International Day of Persons with Disabilities - Chris

by Chris Jeffery, Accessibility Co-ordinator, TransPennine Express

I’m Chris, and I’m the Accessibility Co-ordinator at train company TransPennine Express (TPE). I’ve been a railway enthusiast for as long as I can remember, and as I’m registered blind I was keen to work in a position where I could combine my knowledge of trains with my lived experience as a disabled person to make the railway even more accessible for all.

I joined TPE after working as a Manager in a Contact Centre where Passenger Assist bookings were made. I am particularly passionate about the Passenger Assist service, which supports those who need extra help to travel by train, as I’ve used it myself many times.

I know that for some, this service is what makes the difference between being able to travel and having to stay at home so, it’s important that we get it right as an industry. Part of my role now is to look at ways the Passenger Assist service can be improved, and I do this by collaborating with colleagues at other operators and the Rail Delivery Group.

I’m also really interested in how we can make the railways more accessible to people who want to travel independently, and what new facilities we can provide to help everyone.

The second part of my role is managing projects which improve the accessibility of our stations and trains. I’m proud that TPE recently opened its first Changing Places toilet at Manchester Airport station, and we have a second one opening soon in Dewsbury.

We are currently working on several improvements to help people with visual impairments navigate around our stations independently. And we are also working to bring a number of improvements to help people with hearing improvements access our services more easily.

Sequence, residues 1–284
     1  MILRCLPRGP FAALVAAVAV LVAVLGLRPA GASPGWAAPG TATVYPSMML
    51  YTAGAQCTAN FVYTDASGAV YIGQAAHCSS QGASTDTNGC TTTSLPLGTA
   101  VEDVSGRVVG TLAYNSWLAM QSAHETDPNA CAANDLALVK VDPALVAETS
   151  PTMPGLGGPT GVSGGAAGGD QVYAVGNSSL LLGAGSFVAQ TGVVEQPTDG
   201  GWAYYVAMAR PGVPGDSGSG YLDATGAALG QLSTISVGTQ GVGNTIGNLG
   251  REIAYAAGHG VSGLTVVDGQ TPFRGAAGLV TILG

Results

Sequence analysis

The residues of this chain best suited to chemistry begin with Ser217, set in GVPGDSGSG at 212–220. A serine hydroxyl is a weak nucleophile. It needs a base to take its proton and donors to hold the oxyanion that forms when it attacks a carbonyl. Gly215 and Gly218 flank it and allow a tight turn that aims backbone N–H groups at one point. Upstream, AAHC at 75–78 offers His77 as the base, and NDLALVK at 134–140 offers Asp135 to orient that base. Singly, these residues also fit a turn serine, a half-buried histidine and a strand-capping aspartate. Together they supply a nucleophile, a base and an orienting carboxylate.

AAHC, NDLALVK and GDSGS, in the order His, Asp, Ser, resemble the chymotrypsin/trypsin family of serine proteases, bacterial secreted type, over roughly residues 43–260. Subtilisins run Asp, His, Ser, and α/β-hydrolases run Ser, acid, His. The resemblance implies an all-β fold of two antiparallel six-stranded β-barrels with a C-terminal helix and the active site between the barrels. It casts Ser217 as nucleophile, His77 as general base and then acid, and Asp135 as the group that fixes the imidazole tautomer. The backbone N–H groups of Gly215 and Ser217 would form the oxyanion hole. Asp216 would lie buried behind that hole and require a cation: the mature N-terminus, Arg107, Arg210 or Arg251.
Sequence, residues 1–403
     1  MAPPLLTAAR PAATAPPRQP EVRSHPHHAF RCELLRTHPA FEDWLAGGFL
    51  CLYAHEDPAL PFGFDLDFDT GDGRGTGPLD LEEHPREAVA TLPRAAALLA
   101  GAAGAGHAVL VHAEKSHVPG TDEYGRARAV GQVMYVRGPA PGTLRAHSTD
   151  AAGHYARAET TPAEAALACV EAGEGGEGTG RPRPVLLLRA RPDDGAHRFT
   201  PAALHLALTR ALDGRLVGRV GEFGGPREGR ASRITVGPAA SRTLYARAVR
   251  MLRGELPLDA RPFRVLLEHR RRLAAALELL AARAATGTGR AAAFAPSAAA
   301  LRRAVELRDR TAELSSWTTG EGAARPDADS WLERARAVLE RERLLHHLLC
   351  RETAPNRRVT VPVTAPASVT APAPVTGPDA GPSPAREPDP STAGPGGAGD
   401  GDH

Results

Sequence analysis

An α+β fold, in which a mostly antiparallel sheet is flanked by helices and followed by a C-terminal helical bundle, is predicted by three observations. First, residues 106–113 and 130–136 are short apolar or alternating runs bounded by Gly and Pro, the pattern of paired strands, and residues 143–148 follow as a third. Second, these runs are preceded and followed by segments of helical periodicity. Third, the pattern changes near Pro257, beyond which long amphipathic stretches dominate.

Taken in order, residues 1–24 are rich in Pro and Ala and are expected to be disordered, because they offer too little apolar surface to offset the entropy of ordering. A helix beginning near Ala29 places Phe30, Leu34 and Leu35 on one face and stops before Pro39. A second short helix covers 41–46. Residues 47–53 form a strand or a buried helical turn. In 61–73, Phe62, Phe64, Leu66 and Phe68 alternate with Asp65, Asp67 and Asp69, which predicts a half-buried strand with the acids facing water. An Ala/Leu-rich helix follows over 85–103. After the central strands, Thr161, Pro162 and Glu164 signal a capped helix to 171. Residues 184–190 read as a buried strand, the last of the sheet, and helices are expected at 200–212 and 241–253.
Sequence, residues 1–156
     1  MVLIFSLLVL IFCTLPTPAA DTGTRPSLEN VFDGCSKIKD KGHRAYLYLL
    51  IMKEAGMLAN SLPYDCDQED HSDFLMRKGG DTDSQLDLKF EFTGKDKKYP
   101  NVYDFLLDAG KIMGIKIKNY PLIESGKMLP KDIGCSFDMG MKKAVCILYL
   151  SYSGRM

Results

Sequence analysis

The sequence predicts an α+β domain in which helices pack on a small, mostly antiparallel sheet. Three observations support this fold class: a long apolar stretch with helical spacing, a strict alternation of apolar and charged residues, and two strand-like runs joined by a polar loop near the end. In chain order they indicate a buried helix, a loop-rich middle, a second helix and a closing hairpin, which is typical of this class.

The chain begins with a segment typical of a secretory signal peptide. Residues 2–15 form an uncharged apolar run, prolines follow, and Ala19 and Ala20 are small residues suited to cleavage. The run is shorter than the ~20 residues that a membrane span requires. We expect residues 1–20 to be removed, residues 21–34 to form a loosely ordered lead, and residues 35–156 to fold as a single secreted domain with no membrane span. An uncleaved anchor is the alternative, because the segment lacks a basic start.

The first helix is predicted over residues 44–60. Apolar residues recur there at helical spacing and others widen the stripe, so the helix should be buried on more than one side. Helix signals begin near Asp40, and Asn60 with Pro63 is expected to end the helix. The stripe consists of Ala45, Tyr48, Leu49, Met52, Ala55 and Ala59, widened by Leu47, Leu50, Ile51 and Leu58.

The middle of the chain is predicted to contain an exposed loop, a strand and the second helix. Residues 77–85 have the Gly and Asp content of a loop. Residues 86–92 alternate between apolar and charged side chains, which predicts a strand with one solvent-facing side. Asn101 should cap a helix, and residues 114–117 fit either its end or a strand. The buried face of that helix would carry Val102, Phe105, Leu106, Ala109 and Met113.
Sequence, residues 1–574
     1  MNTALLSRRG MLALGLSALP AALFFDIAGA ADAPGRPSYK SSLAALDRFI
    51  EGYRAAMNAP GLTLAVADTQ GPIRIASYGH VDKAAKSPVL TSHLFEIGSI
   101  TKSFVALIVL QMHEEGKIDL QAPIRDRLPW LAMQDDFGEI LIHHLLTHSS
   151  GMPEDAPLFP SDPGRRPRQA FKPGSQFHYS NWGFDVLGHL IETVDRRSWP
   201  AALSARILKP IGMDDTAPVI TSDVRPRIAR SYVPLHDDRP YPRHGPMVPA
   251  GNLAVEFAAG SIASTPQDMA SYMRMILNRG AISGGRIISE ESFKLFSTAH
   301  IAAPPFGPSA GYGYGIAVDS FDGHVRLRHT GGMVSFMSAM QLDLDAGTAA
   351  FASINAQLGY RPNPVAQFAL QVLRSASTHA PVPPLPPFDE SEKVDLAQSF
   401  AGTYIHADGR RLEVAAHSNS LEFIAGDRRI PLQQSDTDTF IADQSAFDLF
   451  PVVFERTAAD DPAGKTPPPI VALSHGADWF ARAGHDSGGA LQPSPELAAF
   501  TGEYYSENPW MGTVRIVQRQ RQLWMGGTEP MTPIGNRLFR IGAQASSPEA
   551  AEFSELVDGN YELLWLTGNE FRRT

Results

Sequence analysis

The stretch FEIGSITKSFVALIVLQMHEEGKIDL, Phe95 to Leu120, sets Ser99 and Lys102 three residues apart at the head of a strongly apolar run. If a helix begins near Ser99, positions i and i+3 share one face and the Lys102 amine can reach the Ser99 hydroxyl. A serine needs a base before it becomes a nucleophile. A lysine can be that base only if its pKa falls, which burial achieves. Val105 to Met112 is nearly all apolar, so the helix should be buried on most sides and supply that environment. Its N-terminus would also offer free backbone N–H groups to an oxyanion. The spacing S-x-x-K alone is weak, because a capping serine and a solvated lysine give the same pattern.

I think railway accessibility has improved considerably over the last ten years, but we still have a lot of work to do. My ambition for the industry is more collaborative working to ensure that we’re providing a consistent experience for customers no matter which company they’re travelling with. We’re making a great start on this as I speak!

My final message to rail customers with disabilities would be to get involved. By sharing what works and what doesn’t work for you, you can help shape the railways of the future.

Some operators, including TPE, have Facebook groups where you can share your ideas and opinions. Many also have Passenger Panels you could join, and you can of course always email, write to or call your local operator with your ideas. They all have someone responsible for accessibility, and they all share my passion for delivering a railway which is accessible for everyone.

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